Monthly Archives: March 2006

the intention economy

Doc Searls has a really interesting piece on “The Intention Economy” up on the Linux Journal site. It’s a good, old-fashioned common sense critique of the marketing jargon that’s got most of us trapped in mind-rotting rhetorical fantasy lands. Bad … Continue reading

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the rush to war

The unsurprising but no less tawdry evidence of the a lack of good faith in democracy by Bush and Blair, reported in the New York Times March 27, is given historical context by “The Founders Never Imagined a Bush Administration.” … Continue reading

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discovering new music blogs

Ron Silliman has a brief post about Anthony Braxton’s recent set of sessions at the Iridium. He links to the reviews posted on night after night by Steve Smith, a New York music writer. Also mentions the Current Free Practices … Continue reading

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digging the lit links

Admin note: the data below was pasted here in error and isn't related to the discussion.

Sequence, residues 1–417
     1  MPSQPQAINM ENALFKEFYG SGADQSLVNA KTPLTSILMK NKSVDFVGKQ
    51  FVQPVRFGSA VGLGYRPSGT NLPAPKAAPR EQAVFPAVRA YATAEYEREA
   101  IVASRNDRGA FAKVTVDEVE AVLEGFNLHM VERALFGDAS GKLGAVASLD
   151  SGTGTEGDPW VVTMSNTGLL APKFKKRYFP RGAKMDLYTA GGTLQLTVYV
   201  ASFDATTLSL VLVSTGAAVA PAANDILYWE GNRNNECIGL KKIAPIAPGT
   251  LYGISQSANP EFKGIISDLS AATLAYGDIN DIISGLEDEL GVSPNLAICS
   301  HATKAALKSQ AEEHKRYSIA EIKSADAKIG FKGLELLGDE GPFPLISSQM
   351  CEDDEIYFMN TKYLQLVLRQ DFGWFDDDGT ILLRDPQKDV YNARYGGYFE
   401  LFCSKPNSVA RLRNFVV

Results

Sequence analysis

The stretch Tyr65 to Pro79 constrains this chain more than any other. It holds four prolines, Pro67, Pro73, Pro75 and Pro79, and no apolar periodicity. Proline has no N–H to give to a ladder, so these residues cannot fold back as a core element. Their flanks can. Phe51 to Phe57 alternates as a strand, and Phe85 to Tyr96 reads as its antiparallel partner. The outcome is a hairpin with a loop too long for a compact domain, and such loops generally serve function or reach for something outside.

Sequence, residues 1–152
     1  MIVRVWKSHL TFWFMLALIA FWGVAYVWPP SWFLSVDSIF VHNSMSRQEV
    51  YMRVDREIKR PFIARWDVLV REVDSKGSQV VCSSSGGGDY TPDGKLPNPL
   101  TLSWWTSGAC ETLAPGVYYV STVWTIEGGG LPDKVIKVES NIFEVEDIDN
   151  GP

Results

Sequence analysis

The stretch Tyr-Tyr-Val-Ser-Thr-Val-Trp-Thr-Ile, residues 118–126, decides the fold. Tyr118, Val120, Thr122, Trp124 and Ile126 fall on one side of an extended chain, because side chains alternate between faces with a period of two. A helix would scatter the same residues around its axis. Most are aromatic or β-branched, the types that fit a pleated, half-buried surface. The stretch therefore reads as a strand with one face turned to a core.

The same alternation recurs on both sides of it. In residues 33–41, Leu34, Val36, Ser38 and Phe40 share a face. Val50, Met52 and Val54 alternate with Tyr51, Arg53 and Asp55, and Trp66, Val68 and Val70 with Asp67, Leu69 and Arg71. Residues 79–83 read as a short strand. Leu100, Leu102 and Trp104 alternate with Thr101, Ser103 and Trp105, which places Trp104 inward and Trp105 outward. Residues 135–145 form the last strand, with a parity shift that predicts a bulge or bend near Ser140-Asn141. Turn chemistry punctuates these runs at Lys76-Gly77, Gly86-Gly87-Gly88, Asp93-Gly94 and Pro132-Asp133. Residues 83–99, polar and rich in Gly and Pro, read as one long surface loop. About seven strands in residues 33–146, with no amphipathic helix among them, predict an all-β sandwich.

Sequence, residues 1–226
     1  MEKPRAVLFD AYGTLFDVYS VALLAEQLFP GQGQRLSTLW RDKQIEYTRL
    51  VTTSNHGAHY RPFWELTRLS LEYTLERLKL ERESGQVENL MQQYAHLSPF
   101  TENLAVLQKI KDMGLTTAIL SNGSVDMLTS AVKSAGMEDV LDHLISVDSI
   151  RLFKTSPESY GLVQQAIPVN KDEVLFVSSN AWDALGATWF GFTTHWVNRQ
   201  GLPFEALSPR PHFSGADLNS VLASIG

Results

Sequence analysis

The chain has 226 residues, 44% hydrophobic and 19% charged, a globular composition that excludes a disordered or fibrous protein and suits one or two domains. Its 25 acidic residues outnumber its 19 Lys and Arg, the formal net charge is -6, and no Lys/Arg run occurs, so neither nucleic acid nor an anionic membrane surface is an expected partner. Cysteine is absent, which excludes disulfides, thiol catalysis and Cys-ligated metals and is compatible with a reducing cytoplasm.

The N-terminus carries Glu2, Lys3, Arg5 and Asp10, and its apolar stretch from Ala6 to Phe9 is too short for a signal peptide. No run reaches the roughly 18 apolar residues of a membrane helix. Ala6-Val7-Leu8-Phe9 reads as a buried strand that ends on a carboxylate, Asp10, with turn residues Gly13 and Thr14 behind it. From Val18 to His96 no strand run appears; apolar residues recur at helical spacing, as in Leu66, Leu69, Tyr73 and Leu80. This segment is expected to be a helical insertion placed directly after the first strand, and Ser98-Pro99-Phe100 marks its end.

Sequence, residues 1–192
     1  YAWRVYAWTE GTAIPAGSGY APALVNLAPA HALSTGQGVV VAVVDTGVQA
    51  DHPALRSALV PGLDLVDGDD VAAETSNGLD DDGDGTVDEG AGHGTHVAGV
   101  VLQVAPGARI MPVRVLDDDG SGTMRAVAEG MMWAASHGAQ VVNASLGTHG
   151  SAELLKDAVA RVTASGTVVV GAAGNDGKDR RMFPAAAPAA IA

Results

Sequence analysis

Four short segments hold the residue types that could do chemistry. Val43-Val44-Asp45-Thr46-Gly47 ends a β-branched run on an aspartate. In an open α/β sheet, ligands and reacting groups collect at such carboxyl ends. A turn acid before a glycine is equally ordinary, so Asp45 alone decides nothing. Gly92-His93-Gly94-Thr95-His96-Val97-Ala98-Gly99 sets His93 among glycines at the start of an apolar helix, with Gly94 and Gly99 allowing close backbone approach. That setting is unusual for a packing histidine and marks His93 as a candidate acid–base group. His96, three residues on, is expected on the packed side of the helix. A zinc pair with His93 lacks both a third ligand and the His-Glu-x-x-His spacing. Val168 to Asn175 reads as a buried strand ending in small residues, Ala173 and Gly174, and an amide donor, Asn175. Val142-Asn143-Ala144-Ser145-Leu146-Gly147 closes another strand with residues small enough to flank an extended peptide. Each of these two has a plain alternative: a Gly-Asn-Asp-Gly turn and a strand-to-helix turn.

Followed a link from ReadySteadyBook to an essay on Nancy Armstrong’s How Novels Think by Miriam Burstein. Ms. Burstein’s study of the history of the novel, specifically in relation to identity, consciousness, and literacy, resonates in a thousand directions and … Continue reading

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critical moments in academic writing

Pennycooks’ “Critical moments in a TESOL praxicum” is fascinating on several levels: 1. It takes one episode in the life of a teacher trainer, and seeks within the whole of that experience, including the train journey from Sydney to an … Continue reading

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Stephen Vincent’s “Tenderly #6 or The Gertrude Improvs”

Stephen Vincent published Tenderly #6 or The Gertrude Improvs on March 8. Its mysterious music captured my attention almost immediately, and I’ve gone back to his blog on daily basis to re-read. I could of course copy and paste the … Continue reading

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